The cost of specific hazard insurance will vary depending on the type and amount of coverage you need. However, it's important to note that even if your lender doesn't require you to have specific hazard insurance, it's still a good idea to consider purchasing it. After all, it's better to be safe than sorry!

Property Taxes

Property taxes are another common prepaid expense when buying a home—and one that can often come as a surprise to first-time buyers. Property taxes are levied by state and local governments and are used to fund public services like schools, roads, and parks.

The amount of property tax you'll pay at closing will depend on the state and county in which your home is located, the assessed value of your property, and when you purchase the property.

Mortgage Insurance Premium

If a lender requires you to take out mortgage insurance (MI), then the premium could be included in your prepaid costs. Mortgage insurance is insurance that protects the lender in the event that you default on your loan.

Mortgage insurance is typically paid monthly as a part of your mortgage payment, but you might pay a lump sum at closing in addition to the monthly payments.

Initial Escrow Deposit

In addition to the prepaid expenses mentioned above, you'll also need to make an initial escrow deposit at closing. This deposit is used to establish your escrow account, which is used to pay your property taxes and homeowners insurance premiums on your behalf each year.

Be Prepared

There are a lot of things to factor in when you're buying a home. It's not just the list price that you need to be aware of, but also the prepaid expenses. Homeowners insurance, mortgage insurance, and property taxes can all add up. Be sure to factor in these costs when you're budgeting for your new home so that you don't end up being surprised down the road.


If you dread coming home to a messy house, you're not alone. It's easy to let housework overwhelm us, but it doesn't have to be that way! With a few simple tips, you can learn to relax about your house and put housework in its rightful place.

Untidy Doesn't Mean Dirty

Messiness and uncleanliness may appear to be the same problem, but there is actually a significant difference between them. Approaching this challenge in a stepwise manner by first assessing what type of issue it is will help you conquer it more easily. Rather than trying to take on the mountain of chaos all at once, break it down into two smaller hills - messiness and uncleanliness - and address these individually.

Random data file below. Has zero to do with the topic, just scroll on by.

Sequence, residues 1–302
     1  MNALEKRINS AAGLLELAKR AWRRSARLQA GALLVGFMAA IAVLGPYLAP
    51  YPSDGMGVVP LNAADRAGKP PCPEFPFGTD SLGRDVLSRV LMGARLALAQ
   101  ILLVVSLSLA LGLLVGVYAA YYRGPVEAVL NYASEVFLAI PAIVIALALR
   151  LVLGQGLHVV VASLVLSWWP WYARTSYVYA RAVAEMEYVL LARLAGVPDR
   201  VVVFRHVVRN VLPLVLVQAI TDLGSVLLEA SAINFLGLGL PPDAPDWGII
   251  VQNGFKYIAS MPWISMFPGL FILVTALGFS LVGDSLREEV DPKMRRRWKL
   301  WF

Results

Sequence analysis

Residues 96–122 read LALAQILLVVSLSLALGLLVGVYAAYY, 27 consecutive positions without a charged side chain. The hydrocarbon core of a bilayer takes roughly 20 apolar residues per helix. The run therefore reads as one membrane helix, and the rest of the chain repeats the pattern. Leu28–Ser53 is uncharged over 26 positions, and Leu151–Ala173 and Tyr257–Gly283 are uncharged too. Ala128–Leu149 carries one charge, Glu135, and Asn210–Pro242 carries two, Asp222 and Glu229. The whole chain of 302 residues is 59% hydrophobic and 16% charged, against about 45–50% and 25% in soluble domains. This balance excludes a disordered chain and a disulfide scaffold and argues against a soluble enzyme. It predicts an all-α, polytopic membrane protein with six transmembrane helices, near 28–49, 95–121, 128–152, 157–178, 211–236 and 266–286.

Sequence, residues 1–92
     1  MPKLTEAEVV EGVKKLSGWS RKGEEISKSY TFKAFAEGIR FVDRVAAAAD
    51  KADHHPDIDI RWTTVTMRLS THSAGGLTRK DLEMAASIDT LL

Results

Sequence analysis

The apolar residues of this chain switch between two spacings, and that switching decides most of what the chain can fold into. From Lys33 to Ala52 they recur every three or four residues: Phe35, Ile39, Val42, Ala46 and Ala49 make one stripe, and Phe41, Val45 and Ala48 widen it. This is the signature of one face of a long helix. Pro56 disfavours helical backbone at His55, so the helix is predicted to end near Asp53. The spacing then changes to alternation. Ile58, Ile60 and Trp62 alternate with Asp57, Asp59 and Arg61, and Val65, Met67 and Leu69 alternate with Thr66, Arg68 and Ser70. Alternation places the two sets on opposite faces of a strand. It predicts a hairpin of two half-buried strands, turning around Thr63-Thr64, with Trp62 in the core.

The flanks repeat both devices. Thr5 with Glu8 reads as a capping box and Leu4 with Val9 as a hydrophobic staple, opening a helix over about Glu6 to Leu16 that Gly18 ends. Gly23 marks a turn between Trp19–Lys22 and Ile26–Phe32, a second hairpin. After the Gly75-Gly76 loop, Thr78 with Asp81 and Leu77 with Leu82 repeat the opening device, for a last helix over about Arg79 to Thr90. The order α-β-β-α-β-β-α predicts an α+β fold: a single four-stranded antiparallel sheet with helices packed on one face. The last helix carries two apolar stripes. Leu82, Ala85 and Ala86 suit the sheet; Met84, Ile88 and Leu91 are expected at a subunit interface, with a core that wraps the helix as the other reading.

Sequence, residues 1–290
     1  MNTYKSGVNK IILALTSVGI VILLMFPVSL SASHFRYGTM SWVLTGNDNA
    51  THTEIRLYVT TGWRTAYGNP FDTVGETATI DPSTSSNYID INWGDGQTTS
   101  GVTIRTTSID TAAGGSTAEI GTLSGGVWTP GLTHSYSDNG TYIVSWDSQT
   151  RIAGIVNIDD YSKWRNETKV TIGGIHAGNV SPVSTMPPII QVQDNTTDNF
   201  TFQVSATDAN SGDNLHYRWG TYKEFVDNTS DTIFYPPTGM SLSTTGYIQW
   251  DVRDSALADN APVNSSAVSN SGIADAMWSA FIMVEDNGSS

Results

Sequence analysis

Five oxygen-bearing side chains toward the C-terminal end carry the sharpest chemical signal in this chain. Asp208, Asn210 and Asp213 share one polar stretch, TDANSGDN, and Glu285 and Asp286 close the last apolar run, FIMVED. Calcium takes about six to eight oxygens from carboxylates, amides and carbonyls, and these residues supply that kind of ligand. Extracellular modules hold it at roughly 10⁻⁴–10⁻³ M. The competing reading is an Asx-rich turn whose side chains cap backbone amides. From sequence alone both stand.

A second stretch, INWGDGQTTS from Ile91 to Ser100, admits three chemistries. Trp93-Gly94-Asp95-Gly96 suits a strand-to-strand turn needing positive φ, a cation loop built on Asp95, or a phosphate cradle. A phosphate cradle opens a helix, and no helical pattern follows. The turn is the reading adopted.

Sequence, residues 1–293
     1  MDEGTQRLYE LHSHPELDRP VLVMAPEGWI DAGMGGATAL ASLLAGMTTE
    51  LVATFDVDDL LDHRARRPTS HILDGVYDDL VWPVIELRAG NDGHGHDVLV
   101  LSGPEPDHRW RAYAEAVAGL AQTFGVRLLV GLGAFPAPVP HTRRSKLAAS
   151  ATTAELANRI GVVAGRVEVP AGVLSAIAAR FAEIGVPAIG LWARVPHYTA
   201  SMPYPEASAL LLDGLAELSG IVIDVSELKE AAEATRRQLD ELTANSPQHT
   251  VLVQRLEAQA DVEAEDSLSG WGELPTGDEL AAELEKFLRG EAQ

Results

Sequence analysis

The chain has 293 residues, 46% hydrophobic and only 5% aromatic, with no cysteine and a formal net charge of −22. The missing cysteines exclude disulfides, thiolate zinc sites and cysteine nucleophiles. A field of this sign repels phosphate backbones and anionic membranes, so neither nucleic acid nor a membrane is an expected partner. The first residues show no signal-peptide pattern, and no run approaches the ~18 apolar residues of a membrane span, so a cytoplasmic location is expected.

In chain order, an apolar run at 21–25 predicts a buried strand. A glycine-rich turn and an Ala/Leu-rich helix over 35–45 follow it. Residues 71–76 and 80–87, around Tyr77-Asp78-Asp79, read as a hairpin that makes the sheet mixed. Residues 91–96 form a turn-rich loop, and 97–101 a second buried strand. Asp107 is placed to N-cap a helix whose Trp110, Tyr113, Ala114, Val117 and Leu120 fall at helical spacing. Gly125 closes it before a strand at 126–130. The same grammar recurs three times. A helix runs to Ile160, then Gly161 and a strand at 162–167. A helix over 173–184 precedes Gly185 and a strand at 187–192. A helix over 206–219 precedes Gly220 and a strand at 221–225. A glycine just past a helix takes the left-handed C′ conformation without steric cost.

Get Over Perfection

We all want the best for ourselves and our lives, striving to reach perfect standards. But often, by doing this, we set impossible standards which leave us feeling overwhelmed and stressed by housework.

In reality, others' opinions are not as important as our own.

Life involves ebbs and flows that affect even the most perfect of routines; perfectionism is not flexible, which is why it so easily becomes a struggle when faced with an unpredictable lifestyle. Instead, focus on creating a healthy home environment that you are comfortable in - there's no right or wrong when keeping your house clean; it only needs to meet the level deemed acceptable by you and your family.

Know Your Priorities

It is important to know how to choose which battles to take on. Focusing your energy on the few most important tasks can significantly reduce mounting stress and lead to a more successful outcome. Cleaning one room at a time, for example, is a great way to set achievable goals that produce quick and tangible results; this can help to nurture motivation, productivity, and clarity of purpose. Furthermore, splitting work into small doable chunks makes it easier to handle larger projects without feeling overwhelmed or bogged down by their intimidating size. Taking the time to prioritize tasks will ultimately increase efficiency and success in getting them done.

Have a Fast and Effective Routine

Keeping your house tidy and clean requires some effort, but having the right equipment is half the battle. Setting yourself up with these must-haves for reducing mess will make it easier to achieve spotless results every week. A long-handled feather duster, handheld vacuum cleaner, and all-purpose spray cleaner are essential for getting rid of dust and dirt quickly. When it comes to stubborn stains, a foam spot cleaner always comes in handy. For floors, the classic Swiffer mop will help you get them sparkling in no time. Finally, don't forget to treat yourself to a luxurious room fragrance that will make your home smell delightful.

Keep the Kitchen in Perspective